[edit] Creative Journal

Kids here are not taught to think for themselves… they just copy, memorize, copy, memorize. Go out into the community, and have the kids sit for a while, paying attention to nature. Ask them to write what they see, what they hear, what they smell. Ask them to write a story about what they are experiencing, or maybe a poem. Even if they don’t write full sentences, have them make lists of what they are noticing about their community that they had never thought about before, and why it caught their attention… what is so special about it? Why does it interest you? After each student has had some time to think by themselves (try not to have them sit in groups, they will only be distracted). Back in the class, have each kid make a drawing or collage about what they saw, and how if effected them personally… post these on the wall when they are done—they’ll be proud!

[edit] Pollution Bingo!

Familiarize your kids with some basic pollution terms… Fossil fuels, CFCs, Acid Rain, Climate Change, Greenhouse effect, ozone, leaching, runoff, smog, renewable and non-renewable resources, point pollution, solid waste, toxic, etc. Make a “game board” of 5x5 squares, and make enough copies for all the kids. Write or print squares that fit onto the game board, each with one pollution word on it. Have the kids each put their squares down on the board, each in different place. Try to make sure the kids aren’t just copying each other. Otherwise you will have a multiple bingo. Try to have the kids familiar enough with the definitions of each word, so that when someone wins bingo, they can try to tell the class what each of the bingo words mean.

[edit] Weather Scavenger Hunt

Go around town, choosing items that you want your kids to pick up, or identify… make them a list, and put them in groups of 3 or 4. Give each group a list of items needed, a pencil or pen, a notebook, and a “weather find” back to collect things. Come up with some sort of treat or reward for the group that finds all things first and returns to you! Ideas for the hunt can be…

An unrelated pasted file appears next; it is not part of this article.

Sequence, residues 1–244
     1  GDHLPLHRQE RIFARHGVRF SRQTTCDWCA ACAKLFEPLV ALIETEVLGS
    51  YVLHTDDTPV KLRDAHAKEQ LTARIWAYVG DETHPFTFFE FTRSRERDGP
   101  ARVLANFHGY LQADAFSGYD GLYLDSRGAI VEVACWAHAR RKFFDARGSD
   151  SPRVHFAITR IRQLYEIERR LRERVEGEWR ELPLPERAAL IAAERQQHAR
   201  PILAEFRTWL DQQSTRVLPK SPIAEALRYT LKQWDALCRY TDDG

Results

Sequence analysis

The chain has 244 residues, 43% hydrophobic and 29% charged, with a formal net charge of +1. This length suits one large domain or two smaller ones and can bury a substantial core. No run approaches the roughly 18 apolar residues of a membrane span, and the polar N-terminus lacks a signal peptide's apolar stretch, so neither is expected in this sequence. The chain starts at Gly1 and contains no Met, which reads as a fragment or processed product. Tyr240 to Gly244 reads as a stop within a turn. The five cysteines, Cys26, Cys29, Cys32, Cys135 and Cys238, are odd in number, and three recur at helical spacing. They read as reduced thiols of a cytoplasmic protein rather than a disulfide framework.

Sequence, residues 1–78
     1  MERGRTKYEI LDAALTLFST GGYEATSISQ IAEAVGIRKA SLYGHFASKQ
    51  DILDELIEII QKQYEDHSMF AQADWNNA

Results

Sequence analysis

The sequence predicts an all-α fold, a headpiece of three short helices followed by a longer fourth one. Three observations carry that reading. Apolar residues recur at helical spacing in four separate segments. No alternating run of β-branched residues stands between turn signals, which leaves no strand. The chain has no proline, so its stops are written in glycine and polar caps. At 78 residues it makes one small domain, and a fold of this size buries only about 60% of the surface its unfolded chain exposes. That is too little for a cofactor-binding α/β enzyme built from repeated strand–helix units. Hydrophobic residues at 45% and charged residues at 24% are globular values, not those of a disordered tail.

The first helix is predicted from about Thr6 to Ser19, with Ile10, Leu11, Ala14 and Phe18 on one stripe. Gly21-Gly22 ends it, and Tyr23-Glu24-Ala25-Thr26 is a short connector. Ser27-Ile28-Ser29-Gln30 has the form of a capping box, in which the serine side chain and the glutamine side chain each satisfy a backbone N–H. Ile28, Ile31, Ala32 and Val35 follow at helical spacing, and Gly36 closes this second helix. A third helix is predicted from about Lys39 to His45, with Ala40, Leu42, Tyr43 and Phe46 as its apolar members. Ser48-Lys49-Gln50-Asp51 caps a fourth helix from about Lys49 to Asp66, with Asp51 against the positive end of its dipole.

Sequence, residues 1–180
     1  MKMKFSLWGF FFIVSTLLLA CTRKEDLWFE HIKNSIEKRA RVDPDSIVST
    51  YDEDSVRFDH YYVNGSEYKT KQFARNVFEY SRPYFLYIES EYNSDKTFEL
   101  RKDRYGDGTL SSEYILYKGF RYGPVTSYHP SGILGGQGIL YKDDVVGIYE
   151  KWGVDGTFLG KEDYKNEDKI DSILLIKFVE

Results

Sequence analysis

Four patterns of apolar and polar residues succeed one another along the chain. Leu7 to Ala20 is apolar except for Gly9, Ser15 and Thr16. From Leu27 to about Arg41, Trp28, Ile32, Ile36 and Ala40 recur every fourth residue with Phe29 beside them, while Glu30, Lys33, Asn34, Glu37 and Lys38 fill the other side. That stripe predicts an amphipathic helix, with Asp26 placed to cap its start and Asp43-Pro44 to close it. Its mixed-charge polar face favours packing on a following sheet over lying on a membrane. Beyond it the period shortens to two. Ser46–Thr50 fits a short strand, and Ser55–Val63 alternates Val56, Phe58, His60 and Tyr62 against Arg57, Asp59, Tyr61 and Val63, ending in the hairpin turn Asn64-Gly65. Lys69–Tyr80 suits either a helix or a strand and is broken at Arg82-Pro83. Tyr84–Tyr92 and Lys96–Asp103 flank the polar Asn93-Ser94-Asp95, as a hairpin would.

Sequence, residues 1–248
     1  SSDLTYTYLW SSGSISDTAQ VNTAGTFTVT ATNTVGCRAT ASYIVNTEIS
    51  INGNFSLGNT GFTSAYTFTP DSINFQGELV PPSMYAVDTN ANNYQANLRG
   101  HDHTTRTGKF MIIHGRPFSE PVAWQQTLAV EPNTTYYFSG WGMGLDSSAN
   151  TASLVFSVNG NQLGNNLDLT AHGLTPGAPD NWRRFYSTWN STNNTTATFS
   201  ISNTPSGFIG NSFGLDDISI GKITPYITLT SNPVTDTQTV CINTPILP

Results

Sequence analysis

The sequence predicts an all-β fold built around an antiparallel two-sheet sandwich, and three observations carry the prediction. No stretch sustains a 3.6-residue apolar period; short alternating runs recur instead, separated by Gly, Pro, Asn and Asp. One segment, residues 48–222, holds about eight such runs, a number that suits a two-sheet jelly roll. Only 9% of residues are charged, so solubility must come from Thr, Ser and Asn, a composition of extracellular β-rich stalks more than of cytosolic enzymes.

Anything really… just to get the kids thinking! For the things that cant be picked up, have them make a drawing of what they see, and describe where it is in town.

[edit] Project Reflection

From Nicolaison

At my local JHS School I took over a previous volunteer’s Environment Club. This club was for Form 2 and 3 students only and had an executive board of 7 students who met outside the club to plan meetings. The club met bi-weekly (or weekly depending on the school schedule) immediately after school and did a variety of activities such as eco-art crafts (magazine bead jewelry and water sachet purses), educational games, and event planning. The club also participated in a local field trip to the Oda Big Tree and also planned an Environment Day.

When I took over the club there was interest for the Form 1s to also join. Eventually each grade was allowed to be in the club based on attendance and school behavior. Some days there would be anywhere from 25-50 students. The club was entirely funded by myself and the money made from the sales of the magazine bead jewelry. Sadly, there was no teacher support for the club, thus it was not very sustainable.

The club was enjoyable when the students were well behaved. Sometimes it was difficult to handle so many of them all by myself. I would have liked to have more teacher involvement so the school could continue the club. The teachers showed interest but never actually stayed after school to help. Not sure how to inspire them to help with the club.